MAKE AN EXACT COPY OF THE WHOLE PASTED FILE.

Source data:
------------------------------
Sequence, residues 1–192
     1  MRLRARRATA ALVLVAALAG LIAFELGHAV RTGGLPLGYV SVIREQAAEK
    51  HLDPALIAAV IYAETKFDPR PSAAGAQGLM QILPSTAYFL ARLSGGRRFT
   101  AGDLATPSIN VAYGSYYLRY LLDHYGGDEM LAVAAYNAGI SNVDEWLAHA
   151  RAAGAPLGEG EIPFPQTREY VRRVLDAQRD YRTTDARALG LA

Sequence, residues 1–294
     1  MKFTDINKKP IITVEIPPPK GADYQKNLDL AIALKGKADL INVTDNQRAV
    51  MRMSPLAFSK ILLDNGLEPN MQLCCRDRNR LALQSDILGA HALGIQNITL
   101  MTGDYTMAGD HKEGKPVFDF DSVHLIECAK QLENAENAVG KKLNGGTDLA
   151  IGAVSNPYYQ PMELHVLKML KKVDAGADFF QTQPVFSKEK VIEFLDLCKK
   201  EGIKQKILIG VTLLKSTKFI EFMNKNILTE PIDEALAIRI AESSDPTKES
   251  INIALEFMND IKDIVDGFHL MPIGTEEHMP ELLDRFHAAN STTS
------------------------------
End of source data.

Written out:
Sequence, residues 1–192
     1  MRLRARRATA ALVLVAALAG LIAFELGHAV RTGGLPLGYV SVIREQAAEK
    51  HLDPALIAAV IYAETKFDPR PSAAGAQGLM QILPSTAYFL ARLSGGRRFT
   101  AGDLATPSIN VAYGSYYLRY LLDHYGGDEM LAVAAYNAGI SNVDEWLAHA
   151  RAAGAPLGEG EIPFPQTREY VRRVLDAQRD YRTTDARALG LA

Sequence, residues 1–294
     1  MKFTDINKKP IITVEIPPPK GADYQKNLDL AIALKGKADL INVTDNQRAV
    51  MRMSPLAFSK ILLDNGLEPN MQLCCRDRNR LALQSDILGA HALGIQNITL
   101  MTGDYTMAGD HKEGKPVFDF DSVHLIECAK QLENAENAVG KKLNGGTDLA
   151  IGAVSNPYYQ PMELHVLKML KKVDAGADFF QTQPVFSKEK VIEFLDLCKK
   201  EGIKQKILIG VTLLKSTKFI EFMNKNILTE PIDEALAIRI AESSDPTKES
   251  INIALEFMND IKDIVDGFHL MPIGTEEHMP ELLDRFHAAN STTS